Sports vs Academics- Dil Scoop by Pankaj Athawale

It has been a perennial chicken and the egg story as far as worried parents are concerned. With the age old programming of a secure job for the boy and getting your girl married off at the right time, Indian parents and their children have been at crossroads when it comes to sports.
If I get a bit filmy, I would rather improvise this for all our Indian audiences with the scene from the movie “Deewar”-
Just imagine- Amitabh Bachhan is the sports person asking his younger brother Shashi Kapoor,
Aaj mere paas team hai, match hai, performance hai, trophies hai, tournaments hai, tumhare paas kya hai &
The younger brother says- Bhaaaai mere paas degree hai.
Classic bollywood melodrama.
There comes a point in the life of every sports person when you have to choose between continuing to play professionally or complete your education. Personally I feel both are possible simultaneously. We cannot run away from the fact that 90% of active professional sports persons across all sports in India do not complete their graduation.

India has been a society where certain things stay forever. Hence from an era when our earlier generations did not have the cushion of financial stability, it has been – “padhoge likhoge to banoge nawab, kheloge to honge kharab”
Education takes precedence in our life, you get a permanent job and you are on your way to salvation. And if you like sports, then you are a problem child. Support given to you when you take a break to pursue civil services is quite contrasting to the one you take to play any sport.
The sporting culture is very vibrant when we are in school. Most of us are encouraged to take up sports and represent the school. As you inch towards your 9th grade, suddenly everyone around you gets more worried about your future. You got to prepare for the 9th and the boards. Then you have to prepare for the 12th, the CET, the NET, entrances, etc. in most cases this investment of 4 years results in joy and satisfaction for everyone except the child. If the child performs as per expectation, he or she is then cryogenically pushed into the world of further education keeping in mind a career relished by all except the child. All this is done for a financially secure future and a well to do bride or groom.
Though this flowchart is changing, the conventional trend does not augur well for the society. Basically all of us are intelligent enough to play and study at competitive levels simultaneously. We have been far more monochromatic in our approach towards life as well as our capabilities. Life being trans-disciplinary, sports and education can be pursued together. This has to be ingrained in parents, coaches as well as players.
The Mumbai Ranji team has seen the fallout of not having educated cricketers of late, and with educated I mean at least graduates. With the sports industry growing leaps and bounds over the years, the educational background of sportsperson’s is an important trait to help him or her perform professionally while managing additional media and investor attention or should I call it distractions. Tennis legend Mahesh Bhupati summarized it well when he confessed that Indian parents push their kids into education, Australian parents push their kids into sports.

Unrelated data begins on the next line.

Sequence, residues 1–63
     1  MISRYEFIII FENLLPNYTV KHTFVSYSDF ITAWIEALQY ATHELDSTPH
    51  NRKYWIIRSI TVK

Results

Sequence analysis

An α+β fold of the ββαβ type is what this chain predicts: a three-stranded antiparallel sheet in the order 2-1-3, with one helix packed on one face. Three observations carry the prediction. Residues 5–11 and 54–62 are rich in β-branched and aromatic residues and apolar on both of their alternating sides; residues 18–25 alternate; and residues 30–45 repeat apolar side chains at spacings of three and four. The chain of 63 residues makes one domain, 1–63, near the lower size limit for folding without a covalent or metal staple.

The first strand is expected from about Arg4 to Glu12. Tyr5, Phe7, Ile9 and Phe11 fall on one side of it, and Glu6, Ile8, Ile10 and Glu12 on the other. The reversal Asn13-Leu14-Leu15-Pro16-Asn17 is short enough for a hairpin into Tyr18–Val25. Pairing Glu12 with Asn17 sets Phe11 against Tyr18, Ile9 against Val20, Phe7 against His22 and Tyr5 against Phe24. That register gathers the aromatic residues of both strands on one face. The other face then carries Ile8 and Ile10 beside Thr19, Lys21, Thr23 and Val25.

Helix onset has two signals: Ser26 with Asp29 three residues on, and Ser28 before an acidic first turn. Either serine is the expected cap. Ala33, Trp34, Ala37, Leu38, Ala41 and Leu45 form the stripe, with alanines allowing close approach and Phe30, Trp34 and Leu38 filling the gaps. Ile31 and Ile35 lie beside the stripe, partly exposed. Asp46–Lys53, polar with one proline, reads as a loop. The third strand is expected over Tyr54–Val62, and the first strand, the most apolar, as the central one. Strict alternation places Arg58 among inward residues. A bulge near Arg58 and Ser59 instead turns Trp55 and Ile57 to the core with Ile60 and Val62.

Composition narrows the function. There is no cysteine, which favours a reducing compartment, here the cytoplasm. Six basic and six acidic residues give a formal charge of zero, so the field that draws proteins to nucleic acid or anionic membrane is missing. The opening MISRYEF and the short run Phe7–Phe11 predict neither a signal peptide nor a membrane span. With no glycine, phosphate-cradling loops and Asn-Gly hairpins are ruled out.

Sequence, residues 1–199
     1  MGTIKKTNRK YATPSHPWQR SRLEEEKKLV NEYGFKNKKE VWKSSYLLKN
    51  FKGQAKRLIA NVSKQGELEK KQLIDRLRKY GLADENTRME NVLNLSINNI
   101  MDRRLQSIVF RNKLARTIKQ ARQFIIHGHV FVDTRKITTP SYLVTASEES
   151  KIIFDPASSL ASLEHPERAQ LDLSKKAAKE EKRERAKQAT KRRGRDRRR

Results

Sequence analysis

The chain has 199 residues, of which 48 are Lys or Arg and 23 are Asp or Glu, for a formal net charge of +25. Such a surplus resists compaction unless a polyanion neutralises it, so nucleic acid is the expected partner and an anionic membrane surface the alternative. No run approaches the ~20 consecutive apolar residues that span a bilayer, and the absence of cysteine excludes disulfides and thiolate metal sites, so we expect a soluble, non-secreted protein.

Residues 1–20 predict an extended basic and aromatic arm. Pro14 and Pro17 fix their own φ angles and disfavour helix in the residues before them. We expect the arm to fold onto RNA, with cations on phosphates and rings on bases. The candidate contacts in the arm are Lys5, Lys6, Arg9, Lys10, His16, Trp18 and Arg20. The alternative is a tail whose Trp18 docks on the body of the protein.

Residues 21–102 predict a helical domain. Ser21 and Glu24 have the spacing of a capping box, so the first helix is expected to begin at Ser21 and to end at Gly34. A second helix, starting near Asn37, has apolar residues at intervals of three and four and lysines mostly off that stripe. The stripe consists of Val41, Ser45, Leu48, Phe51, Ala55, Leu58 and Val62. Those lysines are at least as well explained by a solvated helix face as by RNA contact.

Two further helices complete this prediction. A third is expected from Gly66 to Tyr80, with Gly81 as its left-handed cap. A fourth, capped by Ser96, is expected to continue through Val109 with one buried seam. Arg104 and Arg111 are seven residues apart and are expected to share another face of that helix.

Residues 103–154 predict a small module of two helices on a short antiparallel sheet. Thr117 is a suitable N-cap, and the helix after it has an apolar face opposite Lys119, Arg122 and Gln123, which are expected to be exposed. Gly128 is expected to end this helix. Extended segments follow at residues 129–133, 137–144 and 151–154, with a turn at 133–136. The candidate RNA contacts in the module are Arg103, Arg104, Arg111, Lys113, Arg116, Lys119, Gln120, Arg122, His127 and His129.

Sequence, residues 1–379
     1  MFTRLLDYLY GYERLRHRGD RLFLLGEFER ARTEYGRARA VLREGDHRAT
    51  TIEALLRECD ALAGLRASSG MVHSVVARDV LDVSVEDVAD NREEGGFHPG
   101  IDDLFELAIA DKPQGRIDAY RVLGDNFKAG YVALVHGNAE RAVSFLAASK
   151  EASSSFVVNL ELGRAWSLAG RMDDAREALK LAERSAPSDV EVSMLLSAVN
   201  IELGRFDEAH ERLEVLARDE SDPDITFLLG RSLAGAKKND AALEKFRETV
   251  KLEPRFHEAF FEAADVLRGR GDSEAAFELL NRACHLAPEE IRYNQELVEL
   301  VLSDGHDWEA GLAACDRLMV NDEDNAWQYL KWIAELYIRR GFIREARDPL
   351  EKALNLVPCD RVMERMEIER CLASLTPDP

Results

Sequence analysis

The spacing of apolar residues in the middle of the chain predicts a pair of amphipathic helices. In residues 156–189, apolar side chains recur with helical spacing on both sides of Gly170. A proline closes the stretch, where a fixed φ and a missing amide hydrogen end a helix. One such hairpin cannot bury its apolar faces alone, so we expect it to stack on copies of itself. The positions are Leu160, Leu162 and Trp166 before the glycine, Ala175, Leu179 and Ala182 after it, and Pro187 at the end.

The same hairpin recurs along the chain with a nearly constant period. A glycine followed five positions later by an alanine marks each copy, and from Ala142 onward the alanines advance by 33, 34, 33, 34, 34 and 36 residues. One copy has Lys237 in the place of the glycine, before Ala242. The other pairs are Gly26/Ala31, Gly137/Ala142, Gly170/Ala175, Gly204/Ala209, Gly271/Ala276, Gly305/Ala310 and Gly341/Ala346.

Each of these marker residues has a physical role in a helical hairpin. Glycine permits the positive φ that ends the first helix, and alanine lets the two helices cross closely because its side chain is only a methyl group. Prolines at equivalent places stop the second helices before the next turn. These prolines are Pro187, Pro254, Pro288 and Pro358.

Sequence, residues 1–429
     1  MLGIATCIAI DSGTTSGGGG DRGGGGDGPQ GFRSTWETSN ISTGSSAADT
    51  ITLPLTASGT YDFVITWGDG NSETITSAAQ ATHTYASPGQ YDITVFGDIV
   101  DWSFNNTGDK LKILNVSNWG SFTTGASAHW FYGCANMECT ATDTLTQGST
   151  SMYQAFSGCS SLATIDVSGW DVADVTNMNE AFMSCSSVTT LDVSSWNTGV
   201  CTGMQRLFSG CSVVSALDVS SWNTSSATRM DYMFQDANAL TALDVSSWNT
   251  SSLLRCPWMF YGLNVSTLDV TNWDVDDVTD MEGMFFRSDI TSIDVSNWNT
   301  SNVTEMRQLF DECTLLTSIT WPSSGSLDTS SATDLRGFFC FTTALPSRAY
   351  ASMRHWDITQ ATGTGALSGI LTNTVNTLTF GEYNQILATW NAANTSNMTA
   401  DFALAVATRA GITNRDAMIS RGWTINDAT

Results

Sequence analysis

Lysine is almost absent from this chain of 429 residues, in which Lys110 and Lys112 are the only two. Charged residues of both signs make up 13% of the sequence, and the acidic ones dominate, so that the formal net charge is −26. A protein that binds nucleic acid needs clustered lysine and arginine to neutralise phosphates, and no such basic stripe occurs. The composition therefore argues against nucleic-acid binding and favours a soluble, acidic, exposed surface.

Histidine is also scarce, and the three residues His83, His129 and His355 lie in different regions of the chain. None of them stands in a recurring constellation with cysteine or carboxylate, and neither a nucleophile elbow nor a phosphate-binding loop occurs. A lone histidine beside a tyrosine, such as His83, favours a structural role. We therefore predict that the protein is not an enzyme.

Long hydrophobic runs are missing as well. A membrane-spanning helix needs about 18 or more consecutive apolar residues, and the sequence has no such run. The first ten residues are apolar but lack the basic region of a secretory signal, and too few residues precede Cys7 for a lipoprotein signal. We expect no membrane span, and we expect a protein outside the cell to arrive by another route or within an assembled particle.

The ill effects are predictable- a highly educated individual will not be able to return to competitive sports due to the lack of time invested on the field, vice versa, a talented sports person may not be able to take up any work or job post his or her hay days as they do not have enough educational qualifications to match the job market. An equilibrium is needed. This is where it becomes important to make sports a compulsory subject in school. Even if skeptical argue against this, sport’s gives your personality the extra edge to perform in life. This will also give the female populace an opportunity to improve their health to face the future challenges of motherhood. Just imagine the improvement in the mental and physical state of the differently abled if they study sports in their schooling days.
This will also force the authorities to push schools to have compulsory sports infrastructure. After all where will all the kids play? We had someone like Erapalli Prassana take a break after making his debut for India, just to complete his engineering, MS Dhoni and Suresh Raina also attempted to complete their graduation while playing for India. Former England captain Andrew Strauss holds a degree in Economics, Cyclist Paul Manning, a Beijing Olympic Gold medalist, graduated in 1996 from Birmingham University with a degree in Earth Sciences, Avishkar Salvi who played international cricket for India holds a post doctoral degree in Astro Physics, Left handed batsman Amay Khurasiya had cleared IAS before being drafted to play for India, Former Australian cricketer Geoff Lawson is a qualified optometrist and Pakistani batsman Saeed Anwar holds degree in Computer Systems Engineering.
Hence it is not impossible to pursue sports along with studies or vice versa which ever you prioritize. As the late George Sheehan, Physician, Athlete, Author once said that “sports is an essential part of education”.
-Writer is a Radio Sports  Commentator

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